Smooth Move! RIO’s Elite Technical Trout Fly Line Review

Rio Elite Technical Trout
RIO Elite Technical Trout. Photo by RIO Products.

A new rod is often the first thing an angler turns to when thinking about what they need to up their casting game. While I love a new rod just as much as the next guy (and am always trying to justify another purchase), the truth is, bigger gains can often be achieved by simply spooling up a new fly line for around $100. Rather than buying the latest and greatest fly rod with hyper-nano dry-streamer flex technology, you can save some $$$ with a new line – and put those extra Benjys into a plane ticket somewhere to catch a new species. And if you already have a good rod, a new line can really help dial it in and make it great. Read on as I review RIO’s new Elite Technical Trout fly line with SlickCast and see how it can help you softly present a dry fly to picky trout.

I was recently gifted a Peter McVey 7” 7’ cane rod from my parents for my birthday – a rod that I imagined would be an heirloom that family members would fight and disown each other for. The sort of rod that, just by sliding it out of its tube, transports your thoughts to Montana, casting to trout sipping callibaetis during the evening rise.

Knowing the importance of a quality line for the new bamboo rod, I narrowed my choices down to either the RIO LightLine or Elite Technical Trout and reached out to Simon Gawesworth, RIO’s brand manager, for a recommendation.

“Those are the only two I would choose. Both are built exactly to the AFTM standard, and not overlined, so won’t crush an easy action rod, and both would work well. Of the two, I certainly prefer the Tech Trout, both for the casting taper, which is really versatile, and the fact that the Tech Trout has SlickCast. There is no way I can go back to a line without SlickCast these days!”

With Simon’s recommendation, the Elite Technical Trout was on the way. Having RIO’s Perception and Gold on other reels (which RIO bills as being all-purpose floating lines), I was anxious to see for myself how much of a difference there REALLY is between a general purpose floating line and one designed specifically for dry flies. According to RIO’s marketing team, “the line was specifically designed for delicate presentations of small flies to technical feeders at range.”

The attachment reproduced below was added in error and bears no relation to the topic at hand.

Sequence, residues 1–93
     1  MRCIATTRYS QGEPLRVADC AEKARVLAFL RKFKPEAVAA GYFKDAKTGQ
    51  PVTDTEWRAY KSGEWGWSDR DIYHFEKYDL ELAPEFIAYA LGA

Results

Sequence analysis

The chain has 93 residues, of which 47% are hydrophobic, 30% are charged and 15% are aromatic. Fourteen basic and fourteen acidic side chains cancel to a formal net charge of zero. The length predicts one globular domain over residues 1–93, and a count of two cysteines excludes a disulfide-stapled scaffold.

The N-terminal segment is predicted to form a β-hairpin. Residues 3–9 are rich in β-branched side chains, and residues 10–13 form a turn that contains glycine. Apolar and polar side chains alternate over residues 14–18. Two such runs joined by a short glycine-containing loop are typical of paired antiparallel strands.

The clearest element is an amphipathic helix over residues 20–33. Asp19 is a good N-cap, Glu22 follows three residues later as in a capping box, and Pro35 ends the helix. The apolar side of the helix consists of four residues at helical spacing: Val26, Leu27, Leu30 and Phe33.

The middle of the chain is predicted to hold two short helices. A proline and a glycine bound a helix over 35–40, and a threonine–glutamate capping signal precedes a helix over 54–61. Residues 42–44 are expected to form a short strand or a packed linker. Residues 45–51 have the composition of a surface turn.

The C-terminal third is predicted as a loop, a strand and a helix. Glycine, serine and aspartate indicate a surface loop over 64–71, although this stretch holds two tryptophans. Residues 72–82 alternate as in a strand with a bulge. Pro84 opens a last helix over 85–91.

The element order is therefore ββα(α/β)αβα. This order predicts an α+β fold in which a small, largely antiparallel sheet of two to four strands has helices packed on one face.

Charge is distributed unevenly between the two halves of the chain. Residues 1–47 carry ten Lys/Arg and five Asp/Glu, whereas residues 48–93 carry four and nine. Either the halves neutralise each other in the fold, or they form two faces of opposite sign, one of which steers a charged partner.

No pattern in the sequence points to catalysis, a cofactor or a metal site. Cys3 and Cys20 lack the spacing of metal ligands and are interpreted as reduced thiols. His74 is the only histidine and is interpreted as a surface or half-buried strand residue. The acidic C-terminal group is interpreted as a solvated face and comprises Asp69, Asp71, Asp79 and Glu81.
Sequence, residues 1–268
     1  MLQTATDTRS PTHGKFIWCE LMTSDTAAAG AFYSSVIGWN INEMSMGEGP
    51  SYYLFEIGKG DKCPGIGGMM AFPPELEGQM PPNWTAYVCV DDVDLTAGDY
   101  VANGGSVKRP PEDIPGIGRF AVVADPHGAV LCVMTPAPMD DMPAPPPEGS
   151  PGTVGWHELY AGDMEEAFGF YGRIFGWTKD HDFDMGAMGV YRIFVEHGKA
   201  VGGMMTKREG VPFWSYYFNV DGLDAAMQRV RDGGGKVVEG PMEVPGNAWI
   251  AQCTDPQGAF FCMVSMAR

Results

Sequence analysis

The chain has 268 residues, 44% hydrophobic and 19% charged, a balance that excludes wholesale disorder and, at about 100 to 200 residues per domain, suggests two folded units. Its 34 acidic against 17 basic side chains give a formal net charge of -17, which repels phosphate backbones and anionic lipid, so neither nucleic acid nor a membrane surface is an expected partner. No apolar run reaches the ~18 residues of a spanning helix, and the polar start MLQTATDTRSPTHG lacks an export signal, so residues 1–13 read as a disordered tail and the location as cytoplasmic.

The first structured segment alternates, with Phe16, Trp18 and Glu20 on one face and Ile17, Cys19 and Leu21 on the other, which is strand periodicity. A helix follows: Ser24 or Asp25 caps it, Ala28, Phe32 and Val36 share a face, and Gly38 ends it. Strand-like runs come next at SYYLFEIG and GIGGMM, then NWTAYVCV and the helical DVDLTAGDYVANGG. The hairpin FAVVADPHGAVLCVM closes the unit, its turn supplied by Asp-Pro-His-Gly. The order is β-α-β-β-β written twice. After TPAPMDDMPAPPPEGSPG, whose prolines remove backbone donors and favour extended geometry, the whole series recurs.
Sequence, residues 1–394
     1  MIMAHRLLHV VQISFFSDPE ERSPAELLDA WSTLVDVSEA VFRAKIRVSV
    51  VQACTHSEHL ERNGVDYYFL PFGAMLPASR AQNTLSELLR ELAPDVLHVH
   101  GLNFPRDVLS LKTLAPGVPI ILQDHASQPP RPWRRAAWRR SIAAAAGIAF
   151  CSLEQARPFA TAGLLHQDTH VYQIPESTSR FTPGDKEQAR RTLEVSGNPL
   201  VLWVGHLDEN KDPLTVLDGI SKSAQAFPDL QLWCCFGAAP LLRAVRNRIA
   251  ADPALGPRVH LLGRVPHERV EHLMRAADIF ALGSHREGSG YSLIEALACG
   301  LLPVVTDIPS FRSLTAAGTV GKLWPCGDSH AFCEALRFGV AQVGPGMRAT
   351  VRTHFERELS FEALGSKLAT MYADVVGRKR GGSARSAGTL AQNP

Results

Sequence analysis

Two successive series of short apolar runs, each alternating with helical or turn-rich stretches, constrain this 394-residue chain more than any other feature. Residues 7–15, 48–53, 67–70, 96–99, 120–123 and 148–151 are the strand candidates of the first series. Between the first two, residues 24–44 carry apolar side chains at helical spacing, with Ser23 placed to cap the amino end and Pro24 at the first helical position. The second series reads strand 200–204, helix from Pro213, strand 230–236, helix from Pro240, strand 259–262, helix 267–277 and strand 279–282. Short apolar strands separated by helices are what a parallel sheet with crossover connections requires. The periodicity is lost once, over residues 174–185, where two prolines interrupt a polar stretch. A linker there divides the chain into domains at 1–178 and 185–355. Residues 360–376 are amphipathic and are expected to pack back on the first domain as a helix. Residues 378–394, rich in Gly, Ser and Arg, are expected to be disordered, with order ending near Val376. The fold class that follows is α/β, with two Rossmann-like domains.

Bamboo fly rod with Rio Technical Trout fly line

To put the Elite Technical Trout through the paces, I cast it on both my new Peter McVey bamboo rod, as well as a Sage X 5wt. As you might imagine, the actions of these two rods are drastically different, so it was interesting to see how slow and fast actions responded with the line.

First off, RIO did an excellent job naming the line – because everything about it is for technical anglers and picky fish. Every detail, from the taper to the color of the line, was intentional. I have often been curious about bright colored floating lines. With this line, a sky blue head makes complete sense. When a fish looks up to the blue sky, a bright line can be a bit jarring – a blue line is camouflage.

With a long front taper, the line did an outstanding job of turning over flies with delicacy and precision – exactly what I would expect from a specialty line – much more so than the Perception and Gold. To top it off, the Elite Technical Trout has RIO’s new SlickCast proprietary coating, which lab tests show has the least amount of friction ever measured in a fly line. Believe it or not, SlickCast was substantially noticeable. There are few things as soothing as hearing fly line shooting through my guides.

RIO Elite Technical Trout taper. Graph by RIO Products.

As expected, the line presents a dry fly softly (with both slow and fast action rods), turning over long leaders when fishing for technical trout at a distance. One thing to note, with the long taper, you do need to have a bit more line out to carry the line. While not ideal for smaller water, on bigger rivers and lakes it is easy to pick up and re-cast the line without having to strip in. The difference between the Elite Technical Trout and Perception/Gold is very noticeable in this situation.

For anglers who are trying to dial in their technical game without splurging on a new rod or who want to make a good rod great, this is a line to get. The benefits are clear when casting dry flies, nymphs, soft hackles and emergers to tricky eaters at distance. I’m already looking forward to the next hatch.

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